You are right if you take a container initially filled with gas at 1 atm. Then when you open the container to the earth atmosphere, you get an equilibrium situation (although not exact).
There are other thermodynamic factors that has to be considered - Temperature and Entropy.
Equilibrium is defined to be when none of these quantities change with time, more precisely when the average fluctuations are zero.
Henceforth, its pretty easy to see why two different systems having equal pressure ONLY need to be in "equilibrium".
To answer your question, any two system need not be in isobaric equilibrium always. Consider your case, here you have two systems,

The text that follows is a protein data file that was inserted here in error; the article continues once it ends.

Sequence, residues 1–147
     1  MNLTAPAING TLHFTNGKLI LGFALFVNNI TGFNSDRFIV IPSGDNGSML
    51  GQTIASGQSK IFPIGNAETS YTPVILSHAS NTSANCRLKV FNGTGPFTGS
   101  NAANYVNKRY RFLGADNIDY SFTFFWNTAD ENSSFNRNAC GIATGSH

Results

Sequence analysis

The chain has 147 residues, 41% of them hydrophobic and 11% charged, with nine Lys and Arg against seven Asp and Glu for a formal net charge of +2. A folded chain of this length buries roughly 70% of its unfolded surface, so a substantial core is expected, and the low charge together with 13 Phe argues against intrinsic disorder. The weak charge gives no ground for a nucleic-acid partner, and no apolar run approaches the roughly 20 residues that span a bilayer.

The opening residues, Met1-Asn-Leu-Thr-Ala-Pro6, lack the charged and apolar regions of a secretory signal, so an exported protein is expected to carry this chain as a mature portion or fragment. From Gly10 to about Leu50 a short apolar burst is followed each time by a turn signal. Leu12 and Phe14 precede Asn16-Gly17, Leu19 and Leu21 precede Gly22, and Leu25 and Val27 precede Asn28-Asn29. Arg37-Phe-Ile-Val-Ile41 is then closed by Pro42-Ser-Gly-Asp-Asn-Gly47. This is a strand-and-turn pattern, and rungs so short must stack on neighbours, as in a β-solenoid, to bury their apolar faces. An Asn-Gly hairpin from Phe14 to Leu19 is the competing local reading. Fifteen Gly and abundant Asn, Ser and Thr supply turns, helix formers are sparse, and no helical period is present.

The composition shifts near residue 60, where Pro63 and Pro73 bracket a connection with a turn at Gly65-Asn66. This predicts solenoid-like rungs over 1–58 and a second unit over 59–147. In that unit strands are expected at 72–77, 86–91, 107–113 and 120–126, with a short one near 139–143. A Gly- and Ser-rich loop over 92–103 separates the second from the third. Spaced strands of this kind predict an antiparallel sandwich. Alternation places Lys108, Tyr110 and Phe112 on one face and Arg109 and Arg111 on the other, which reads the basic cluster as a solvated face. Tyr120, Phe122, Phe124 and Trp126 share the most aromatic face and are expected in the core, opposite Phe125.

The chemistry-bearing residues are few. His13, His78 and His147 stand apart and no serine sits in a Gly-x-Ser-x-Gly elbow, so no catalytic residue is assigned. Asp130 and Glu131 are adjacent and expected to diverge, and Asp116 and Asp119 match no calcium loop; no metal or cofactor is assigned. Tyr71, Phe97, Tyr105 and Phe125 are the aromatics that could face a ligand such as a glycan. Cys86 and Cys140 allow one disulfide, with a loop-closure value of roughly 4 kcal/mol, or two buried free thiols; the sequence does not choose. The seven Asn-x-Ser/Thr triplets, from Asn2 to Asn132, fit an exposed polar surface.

- The container
Now, you usually don't have control over the atmosphere, but you will usually have full control over the container, in the sense that you can fiddle around with the various thermodynamic quantities like Temperature and Pressure. Suppose you fill the container with idea gas, then it satisfies the relation $PV=NRT$, where you have two independent variables. So to get pressure, P > 1 atm, you could in principle change the volume of container(take a different container) and its temperature so that you get P > 1 atm.